Keep Reading

I’m So Thankful For This Little Family

In: Faith, Marriage, Motherhood
Toddler boy and infant girl, color photo

I remember my teenage self dreaming, hoping, and praying for a life like I have now. Praying for a man to love me, to be loyal to me, to want a family with me, to provide for me, to show me what stability felt like and what it felt like to not ever have to worry . . . and here he is right in front of me. I remember my teenage self dreaming, hoping, praying for a house I could make a home and raise my family in. Here it is right in front of me. But most of...

Keep Reading

How I Like My Coffee

In: Faith, Motherhood
Mother and daughter drink coffee

I like my coffee with hazelnut creamer and a dash of almond milk. I like my coffee cold and neglected on the countertop because I’m busy soothing my new baby boy, the one who has made me a mother. In my long robe and slippers, I pace the kitchen floor and hold my swaddled son close to my heart. When his fussing grows quiet, I can hear the ticking of the big clock in the den. The dawn slowly reveals itself, brightening the kitchen in increments. It’s hard to imagine keeping my eyes open until he’s ready to nap again....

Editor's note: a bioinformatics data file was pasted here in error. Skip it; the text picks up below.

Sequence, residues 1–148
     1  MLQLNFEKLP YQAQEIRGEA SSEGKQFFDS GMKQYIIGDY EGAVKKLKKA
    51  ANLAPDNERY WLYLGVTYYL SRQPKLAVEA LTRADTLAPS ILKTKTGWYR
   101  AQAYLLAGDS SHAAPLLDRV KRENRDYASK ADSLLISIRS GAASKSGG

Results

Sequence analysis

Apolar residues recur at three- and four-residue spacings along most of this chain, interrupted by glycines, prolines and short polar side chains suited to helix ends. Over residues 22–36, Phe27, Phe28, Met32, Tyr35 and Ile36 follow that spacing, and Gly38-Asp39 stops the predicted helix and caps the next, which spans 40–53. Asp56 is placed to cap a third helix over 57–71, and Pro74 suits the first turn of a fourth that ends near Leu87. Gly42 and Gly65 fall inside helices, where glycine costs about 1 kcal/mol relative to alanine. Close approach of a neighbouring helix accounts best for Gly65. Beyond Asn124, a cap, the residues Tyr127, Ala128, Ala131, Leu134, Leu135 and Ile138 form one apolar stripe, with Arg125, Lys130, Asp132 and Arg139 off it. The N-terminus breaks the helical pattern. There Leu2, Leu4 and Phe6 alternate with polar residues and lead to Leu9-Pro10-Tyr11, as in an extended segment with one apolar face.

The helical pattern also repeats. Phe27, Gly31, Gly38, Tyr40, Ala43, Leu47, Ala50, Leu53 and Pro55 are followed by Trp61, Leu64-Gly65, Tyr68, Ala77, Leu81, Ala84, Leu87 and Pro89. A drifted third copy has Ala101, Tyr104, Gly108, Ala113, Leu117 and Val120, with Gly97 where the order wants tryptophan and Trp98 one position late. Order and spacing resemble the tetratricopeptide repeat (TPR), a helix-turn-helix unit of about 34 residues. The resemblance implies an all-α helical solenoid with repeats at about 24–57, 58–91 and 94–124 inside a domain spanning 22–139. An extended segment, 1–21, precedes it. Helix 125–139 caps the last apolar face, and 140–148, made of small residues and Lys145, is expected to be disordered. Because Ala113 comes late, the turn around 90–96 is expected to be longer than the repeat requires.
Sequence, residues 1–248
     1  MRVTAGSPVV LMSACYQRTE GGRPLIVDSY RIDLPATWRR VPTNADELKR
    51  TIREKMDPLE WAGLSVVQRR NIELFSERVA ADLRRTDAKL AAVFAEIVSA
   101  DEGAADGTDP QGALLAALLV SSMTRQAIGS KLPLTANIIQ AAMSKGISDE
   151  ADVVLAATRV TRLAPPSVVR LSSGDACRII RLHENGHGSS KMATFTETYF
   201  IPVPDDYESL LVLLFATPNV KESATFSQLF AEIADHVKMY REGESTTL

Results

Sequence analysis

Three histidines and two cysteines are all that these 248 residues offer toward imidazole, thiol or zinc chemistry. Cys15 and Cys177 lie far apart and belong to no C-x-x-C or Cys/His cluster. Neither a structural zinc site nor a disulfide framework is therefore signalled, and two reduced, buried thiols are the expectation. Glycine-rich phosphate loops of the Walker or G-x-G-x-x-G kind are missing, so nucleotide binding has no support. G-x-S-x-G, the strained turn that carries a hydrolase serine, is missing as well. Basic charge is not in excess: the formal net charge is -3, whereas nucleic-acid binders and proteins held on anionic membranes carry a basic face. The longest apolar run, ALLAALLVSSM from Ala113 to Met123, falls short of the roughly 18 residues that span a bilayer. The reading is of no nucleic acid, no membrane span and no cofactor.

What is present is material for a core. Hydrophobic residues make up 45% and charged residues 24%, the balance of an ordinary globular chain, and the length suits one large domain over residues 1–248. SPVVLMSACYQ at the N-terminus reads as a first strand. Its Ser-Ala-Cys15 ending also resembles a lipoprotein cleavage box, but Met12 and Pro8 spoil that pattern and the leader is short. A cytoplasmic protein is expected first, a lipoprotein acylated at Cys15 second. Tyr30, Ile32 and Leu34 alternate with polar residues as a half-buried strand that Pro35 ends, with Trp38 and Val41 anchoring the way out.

Keep Reading

Compassion Holds My Heart

In: Faith, Living, Motherhood
Child hugging mother

I lean my head in through the window of his van. The first thing I notice is the funny smell. Like cigarettes. And maybe body odor. The second? His tired, wrinkle-lined eyes. They’re dull, lethargic even. My daughter scrunches up her nose. I give her that look and try to hide my own misgivings. But Compassion climbs in the car with me.  And as the taxi driver guides the car toward our destination, I ask him about his story. Turns out he’s been driving all night. Till 5:30 this morning. Taking people home who were too drunk to drive themselves....

Keep Reading